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Society for Quality Education

Incentivizing Great Classroom Teachers

July 23, 2014 by .(JavaScript must be enabled to view this email address) at 07:38 AM

Shortchanged: The hidden costs of lockstep teacher pay is a new report that shows how "lockstep pay hampers recruitment, creates perverse incentives for retention, and ignores the urgency of bringing top talent to the schools that most need great teachers". The report recommends compensation systems that are "based on three core principles: make early-career teacher salaries competitive with those in other fields; offer raises for strong classroom performance; create incentives to teach in high-needs schools". There are already a few dozen US systems that are trying to find smarter ways to pay their teachers. Here is an excerpt from the case study of Achievement First, a network of 29 high-achieving charter schools located in New York, Connecticut and Rhode Island. 

"The model is composed primairly of base salary increases based on the individual teacher's performance and experience, as well as school-wide bonuses based on the overall success of the school. Newly hired teachers are generally placed in Stage 1, 2, or 3 based on their previous teaching experience. As teachers progress up the stages, they receive increased compensation, stipends for independent professional development, school-based and network-wide recognition and greater input into school and network decisions.

"A teacher must satisfy rigorous criteria to be called a 'distinguished' or 'master' teacher, including multiple years of data showing strong performance in classroom instruction, student achievement, and peer, student and family relationships. Accordingly, Stage 4 and 5 teachers in Achievement First's schools earn dramatically more through base salary alone than they would on the standard district salary schedule.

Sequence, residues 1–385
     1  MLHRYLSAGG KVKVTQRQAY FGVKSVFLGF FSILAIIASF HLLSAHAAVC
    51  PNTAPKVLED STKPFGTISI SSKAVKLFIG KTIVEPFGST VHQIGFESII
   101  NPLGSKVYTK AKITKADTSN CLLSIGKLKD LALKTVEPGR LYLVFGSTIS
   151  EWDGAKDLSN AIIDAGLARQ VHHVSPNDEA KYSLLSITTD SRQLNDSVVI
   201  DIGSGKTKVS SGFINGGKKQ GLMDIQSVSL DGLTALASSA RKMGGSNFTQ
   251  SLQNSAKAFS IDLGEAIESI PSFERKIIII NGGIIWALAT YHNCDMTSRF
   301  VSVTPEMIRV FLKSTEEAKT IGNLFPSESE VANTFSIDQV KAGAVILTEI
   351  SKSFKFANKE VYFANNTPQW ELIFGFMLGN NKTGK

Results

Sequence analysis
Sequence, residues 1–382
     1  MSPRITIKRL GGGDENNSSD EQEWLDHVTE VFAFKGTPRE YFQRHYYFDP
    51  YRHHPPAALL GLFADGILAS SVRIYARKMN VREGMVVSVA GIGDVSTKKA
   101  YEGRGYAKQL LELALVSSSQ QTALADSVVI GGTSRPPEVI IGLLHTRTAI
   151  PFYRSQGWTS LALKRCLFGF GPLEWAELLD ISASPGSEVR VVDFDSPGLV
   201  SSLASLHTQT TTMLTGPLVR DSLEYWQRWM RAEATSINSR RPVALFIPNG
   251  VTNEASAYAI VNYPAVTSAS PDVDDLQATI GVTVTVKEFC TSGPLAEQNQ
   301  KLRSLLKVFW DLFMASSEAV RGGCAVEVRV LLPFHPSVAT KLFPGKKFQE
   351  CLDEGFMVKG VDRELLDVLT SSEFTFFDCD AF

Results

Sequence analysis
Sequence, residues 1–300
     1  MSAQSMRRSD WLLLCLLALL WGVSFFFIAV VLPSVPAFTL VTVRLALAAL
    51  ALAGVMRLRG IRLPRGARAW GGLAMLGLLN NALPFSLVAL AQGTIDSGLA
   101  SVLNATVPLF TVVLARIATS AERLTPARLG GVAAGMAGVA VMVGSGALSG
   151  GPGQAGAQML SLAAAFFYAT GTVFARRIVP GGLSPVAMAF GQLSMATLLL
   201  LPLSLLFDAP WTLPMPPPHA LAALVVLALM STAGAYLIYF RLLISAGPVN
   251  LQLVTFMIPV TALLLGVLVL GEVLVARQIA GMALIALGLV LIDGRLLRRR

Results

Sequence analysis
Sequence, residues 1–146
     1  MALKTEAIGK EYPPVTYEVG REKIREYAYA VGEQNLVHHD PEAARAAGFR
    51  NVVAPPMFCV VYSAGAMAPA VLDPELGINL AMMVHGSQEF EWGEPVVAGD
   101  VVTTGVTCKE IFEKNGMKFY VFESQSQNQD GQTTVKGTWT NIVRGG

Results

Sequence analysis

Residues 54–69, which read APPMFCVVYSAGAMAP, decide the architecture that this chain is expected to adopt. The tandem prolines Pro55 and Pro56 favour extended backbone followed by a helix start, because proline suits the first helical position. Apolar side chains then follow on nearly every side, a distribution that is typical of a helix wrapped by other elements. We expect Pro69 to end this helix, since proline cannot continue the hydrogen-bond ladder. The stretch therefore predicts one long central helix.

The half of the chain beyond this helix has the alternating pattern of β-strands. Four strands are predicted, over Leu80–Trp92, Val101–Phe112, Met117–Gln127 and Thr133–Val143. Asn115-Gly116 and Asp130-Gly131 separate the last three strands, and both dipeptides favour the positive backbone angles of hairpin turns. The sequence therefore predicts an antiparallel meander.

"Emily Spine is a Stage 3 teacher who relocated to New York City from Milwaukee this year specifically to teach first grade at Achievement First Aspire Elementary School, after experiencing one of the network's professional development sessions in her previous district. The Teacher Career Pathway was a major influence on her decision to move. 'In my second year of teaching, I was in the building from seven until seven, and I was looking at my paycheck andd that was not being reflected at all,' she says of her experience under a traditional steps and lanes system. 'That's not right. I wanted to find a place that compensated its teachers in a way that's commensurate with the impact they are having on their kids and their commitment to their schools.

"For Greta Gartman, a fifth-grade science teacher at Achievement First Bridgeport Academy Middle School in Connecticut, the focus on teacher leadership was a huge draw to the network. 'I was very excited to hear that Achievement First was valuing great teachers staying in the classroom, rather than pushing great teachers into administration,' she says. 'Having less contact with students because you're great doesn't really make sense to me.' As a Stage 4 teacher, Gartman says she feels inspired to be a role model for other teachers. 'My lessons should be examples,' she says. 'Other people are looking at me to know what great teaching looks like, so I'm always trying to do my best."

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